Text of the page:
Diversity is a popular buzzword in the business world these days, but InvenTrust Properties takes it very seriously. The Downers Grove, Illinois-based real estate investment trust—which owns, leases, redevelops, acquires, and manages open-air centers in key growth markets, primarily in the Sun Belt states—is working to diversify its board with new insights and perspectives, and senior vice president, general counsel, and secretary Christy David is part of a team leading the charge.
David has been with the company for twelve years and became general counsel in 2016. She credits the company’s executive leadership with pushing for a more inclusive board. “We think diversity better positions the board to strategically advise the senior management of InvenTrust,” David says.
Her external partners have also appreciated the effort. “It has been a privilege to work with Christy and the InvenTrust team over the years,” says Thomas Meier, vice president and director of sales for Chicago Title Insurance Company. “Christy’s continued focus on an inclusive and diverse company has always put her group ahead of the curve.”
Diversity is not just about race and gender, though. “It’s also subject-matter expertise—what the candidates bring to the table, and not just real estate experience,” David says.
Here, David speaks about the nomination process for the board in more detail—and also about how she looks to fill positions in her legal department, which has led to an increase in diversity in both areas.
Your board has added four new members in the past two years, with another expected in 2018. How do you account for diversity in the nomination process for InvenTrust’s board of directors?
The Nominating and Governance Committee is responsible for recommending new members for the board. With great support from our CEO and chairperson of the board, the Nominating and Governance Committee has taken a look at the makeup and decided to focus on bringing diversity onto the board. Given the opportunity to assist in the search for new directors has really opened my eyes to the potential of what different backgrounds and opinions can bring and add to the dynamic of a board.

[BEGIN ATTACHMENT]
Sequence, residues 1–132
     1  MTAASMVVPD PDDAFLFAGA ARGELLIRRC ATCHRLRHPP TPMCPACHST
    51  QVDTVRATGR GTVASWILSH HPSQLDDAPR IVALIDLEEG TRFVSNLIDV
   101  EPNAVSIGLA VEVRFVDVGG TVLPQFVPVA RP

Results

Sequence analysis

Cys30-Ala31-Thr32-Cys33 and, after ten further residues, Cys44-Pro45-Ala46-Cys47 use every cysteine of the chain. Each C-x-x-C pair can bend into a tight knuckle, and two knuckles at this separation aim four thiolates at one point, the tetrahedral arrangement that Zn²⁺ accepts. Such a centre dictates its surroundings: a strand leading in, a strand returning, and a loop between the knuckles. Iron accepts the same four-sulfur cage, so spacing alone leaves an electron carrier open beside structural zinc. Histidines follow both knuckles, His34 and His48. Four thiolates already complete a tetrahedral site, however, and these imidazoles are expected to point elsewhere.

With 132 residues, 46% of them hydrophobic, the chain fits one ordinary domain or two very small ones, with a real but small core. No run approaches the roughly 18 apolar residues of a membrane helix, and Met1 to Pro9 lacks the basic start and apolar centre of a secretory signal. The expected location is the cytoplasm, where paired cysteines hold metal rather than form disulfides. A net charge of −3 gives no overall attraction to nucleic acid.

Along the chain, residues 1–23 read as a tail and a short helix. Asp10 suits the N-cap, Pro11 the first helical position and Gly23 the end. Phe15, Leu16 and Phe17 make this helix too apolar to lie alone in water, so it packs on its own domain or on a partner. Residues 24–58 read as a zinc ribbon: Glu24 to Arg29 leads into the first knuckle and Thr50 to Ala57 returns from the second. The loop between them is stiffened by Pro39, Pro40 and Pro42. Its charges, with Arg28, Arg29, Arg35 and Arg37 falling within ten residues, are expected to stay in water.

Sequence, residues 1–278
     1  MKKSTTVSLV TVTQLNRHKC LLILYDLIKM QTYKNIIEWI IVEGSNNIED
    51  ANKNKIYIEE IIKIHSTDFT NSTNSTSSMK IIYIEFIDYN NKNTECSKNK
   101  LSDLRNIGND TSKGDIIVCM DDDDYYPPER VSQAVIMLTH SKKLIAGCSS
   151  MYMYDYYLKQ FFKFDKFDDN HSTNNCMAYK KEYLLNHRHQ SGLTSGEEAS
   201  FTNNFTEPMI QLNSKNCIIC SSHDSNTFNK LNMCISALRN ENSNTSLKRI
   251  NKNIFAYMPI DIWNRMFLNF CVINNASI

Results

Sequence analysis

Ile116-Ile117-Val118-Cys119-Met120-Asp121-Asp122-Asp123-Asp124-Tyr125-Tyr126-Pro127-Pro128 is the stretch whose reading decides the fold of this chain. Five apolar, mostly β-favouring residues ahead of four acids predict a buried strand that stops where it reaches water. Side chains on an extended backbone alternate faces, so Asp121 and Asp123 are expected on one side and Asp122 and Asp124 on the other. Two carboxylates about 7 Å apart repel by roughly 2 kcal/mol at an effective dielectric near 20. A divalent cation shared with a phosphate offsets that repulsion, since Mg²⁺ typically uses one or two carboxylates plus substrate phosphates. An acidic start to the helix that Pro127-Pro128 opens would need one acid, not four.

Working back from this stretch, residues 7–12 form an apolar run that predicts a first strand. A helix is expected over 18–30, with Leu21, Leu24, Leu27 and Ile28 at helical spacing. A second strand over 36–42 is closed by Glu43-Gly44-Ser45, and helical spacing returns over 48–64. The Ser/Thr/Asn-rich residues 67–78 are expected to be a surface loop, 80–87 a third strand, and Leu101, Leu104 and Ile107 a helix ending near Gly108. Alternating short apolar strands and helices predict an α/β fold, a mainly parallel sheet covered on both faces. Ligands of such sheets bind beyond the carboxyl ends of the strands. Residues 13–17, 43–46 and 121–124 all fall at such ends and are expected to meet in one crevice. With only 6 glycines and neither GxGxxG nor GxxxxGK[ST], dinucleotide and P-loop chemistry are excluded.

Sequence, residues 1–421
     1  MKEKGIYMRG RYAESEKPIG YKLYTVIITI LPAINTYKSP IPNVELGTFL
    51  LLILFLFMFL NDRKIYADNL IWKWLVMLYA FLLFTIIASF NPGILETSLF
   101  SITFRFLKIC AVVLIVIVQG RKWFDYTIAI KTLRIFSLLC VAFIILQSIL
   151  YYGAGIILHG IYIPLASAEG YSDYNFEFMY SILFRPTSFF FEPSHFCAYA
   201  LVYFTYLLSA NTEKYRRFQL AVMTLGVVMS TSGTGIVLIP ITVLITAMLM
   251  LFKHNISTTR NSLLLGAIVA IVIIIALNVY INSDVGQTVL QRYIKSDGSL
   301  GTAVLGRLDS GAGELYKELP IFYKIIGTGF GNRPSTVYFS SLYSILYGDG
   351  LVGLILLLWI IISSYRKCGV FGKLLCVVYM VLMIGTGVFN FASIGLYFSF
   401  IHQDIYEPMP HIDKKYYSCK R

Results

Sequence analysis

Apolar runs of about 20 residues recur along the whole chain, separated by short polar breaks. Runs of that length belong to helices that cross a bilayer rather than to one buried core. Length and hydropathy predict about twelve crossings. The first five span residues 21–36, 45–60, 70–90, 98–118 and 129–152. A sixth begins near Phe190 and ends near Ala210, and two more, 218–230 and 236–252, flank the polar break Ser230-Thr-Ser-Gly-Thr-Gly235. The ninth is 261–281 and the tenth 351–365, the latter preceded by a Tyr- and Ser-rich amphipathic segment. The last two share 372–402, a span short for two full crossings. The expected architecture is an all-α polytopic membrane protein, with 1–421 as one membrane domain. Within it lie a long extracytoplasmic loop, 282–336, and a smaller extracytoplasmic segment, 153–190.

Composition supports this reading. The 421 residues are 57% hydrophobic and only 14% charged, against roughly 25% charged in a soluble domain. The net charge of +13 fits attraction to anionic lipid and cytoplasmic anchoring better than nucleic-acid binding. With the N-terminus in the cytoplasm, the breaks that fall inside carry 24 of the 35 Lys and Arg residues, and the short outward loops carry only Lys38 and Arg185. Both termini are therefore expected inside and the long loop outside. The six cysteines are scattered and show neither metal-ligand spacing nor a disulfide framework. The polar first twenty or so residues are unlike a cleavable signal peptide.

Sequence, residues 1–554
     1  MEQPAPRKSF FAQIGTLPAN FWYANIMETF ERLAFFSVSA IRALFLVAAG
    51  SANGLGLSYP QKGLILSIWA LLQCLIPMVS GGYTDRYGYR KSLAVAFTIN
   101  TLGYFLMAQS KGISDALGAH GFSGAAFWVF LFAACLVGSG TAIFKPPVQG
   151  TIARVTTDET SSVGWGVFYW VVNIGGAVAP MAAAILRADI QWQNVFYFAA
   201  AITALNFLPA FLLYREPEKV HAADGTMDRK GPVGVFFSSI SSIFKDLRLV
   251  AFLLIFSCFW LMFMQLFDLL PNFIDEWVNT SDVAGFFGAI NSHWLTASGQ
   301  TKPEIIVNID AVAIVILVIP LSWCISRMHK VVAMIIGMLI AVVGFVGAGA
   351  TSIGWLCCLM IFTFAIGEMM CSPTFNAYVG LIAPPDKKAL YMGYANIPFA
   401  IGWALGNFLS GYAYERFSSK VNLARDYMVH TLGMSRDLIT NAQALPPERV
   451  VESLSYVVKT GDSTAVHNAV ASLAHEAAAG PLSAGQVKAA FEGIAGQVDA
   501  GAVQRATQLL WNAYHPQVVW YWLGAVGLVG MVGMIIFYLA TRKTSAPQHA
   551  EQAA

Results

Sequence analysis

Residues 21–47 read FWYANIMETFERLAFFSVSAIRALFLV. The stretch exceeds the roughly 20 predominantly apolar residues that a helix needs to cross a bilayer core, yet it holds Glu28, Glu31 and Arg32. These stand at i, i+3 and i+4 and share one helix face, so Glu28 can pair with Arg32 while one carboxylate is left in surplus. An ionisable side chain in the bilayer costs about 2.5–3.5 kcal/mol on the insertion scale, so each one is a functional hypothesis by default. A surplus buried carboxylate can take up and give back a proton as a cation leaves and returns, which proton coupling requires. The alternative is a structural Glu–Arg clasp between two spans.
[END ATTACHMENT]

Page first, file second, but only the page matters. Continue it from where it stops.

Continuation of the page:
How many people have you interviewed for the board?
In an effort to find the right fit, we have interviewed more than a dozen candidates in the past few months. We look at each candidate’s résumé and consider what specific skill set each individual can offer the board. We obviously look for candidates with real estate experience, but that isn’t a requirement. Candidates with technology, data analytics, finance, and other areas of expertise have all been considered. If a candidate can bring a unique perceptive to the board, we are interested.
What about when you’re looking for new internal hires for the InvenTrust legal team? What do you look for in terms of fit?
My hiring practice is to focus on fit within the department and the culture. When a candidate demonstrates the required legal skills, I then look for the added value they can offer. My department has a team approach, so you have to fit within that personality scope. I look for ambition, drive, and, most of all, a steady work ethic to push and drive results.
I want to make the department a place where people can collaborate for the betterment of the company. So, by “fit,” I don’t mean we all have the same opinions and beliefs; I mean we all have the same goals and work ethic to drive the company forward. If you work for me, check your ego at the door; the team and company come first.
What about when hiring outside counsel and other external vendors?
We look to outside counsel to function as an extension of our internal team. We use them for overflow or in subject areas in which we don’t have internal expertise and are looking for good, practical legal advice. You can hire the greatest firm, but unless the outside attorney is on the same page as you, you may not get the most useful legal advice or documentation. We look to partner with attorneys who give us creative solutions and sound business advice and offer creative budgeting.